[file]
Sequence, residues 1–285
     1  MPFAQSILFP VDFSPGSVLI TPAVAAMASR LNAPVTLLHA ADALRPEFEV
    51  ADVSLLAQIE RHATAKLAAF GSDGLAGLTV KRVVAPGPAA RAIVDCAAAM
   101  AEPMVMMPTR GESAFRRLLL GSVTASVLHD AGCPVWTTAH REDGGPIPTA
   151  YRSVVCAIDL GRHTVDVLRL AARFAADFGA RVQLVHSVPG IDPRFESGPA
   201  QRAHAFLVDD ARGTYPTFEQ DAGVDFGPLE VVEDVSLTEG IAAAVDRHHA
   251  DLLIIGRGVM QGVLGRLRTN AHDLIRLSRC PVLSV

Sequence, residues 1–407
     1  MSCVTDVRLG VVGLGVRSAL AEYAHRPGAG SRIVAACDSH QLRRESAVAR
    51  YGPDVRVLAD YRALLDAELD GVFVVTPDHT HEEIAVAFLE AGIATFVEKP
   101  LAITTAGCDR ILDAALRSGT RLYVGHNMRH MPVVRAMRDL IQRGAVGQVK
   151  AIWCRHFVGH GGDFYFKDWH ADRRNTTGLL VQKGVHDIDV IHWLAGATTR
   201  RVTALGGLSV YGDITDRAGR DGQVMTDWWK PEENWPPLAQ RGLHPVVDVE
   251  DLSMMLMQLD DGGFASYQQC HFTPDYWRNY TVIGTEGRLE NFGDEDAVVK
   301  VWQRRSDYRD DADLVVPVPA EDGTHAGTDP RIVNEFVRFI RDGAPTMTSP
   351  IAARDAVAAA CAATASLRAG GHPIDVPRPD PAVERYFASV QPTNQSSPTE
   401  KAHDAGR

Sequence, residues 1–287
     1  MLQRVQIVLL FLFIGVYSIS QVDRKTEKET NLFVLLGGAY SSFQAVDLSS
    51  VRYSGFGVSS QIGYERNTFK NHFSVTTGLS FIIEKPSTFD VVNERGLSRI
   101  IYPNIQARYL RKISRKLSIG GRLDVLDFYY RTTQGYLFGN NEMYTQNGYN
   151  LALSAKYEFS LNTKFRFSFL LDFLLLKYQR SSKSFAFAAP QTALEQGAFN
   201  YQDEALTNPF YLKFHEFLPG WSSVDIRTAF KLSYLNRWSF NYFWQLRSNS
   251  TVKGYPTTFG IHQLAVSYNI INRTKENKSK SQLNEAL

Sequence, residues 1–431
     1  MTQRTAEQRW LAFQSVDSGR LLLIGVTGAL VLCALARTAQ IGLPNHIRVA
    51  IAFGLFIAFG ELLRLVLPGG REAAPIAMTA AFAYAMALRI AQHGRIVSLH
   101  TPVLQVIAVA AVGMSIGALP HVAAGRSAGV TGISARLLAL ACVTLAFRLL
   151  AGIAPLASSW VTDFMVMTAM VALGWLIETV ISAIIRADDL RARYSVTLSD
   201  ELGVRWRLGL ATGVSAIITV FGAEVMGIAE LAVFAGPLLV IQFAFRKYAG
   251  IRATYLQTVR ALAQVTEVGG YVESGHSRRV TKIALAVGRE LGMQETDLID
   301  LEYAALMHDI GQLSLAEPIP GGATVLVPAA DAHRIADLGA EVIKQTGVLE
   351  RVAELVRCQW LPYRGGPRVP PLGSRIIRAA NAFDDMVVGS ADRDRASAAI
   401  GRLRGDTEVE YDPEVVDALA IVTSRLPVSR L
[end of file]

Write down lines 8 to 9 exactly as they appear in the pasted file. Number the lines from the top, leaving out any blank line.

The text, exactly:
Sequence, residues 1–407
     1  MSCVTDVRLG VVGLGVRSAL AEYAHRPGAG SRIVAACDSH QLRRESAVAR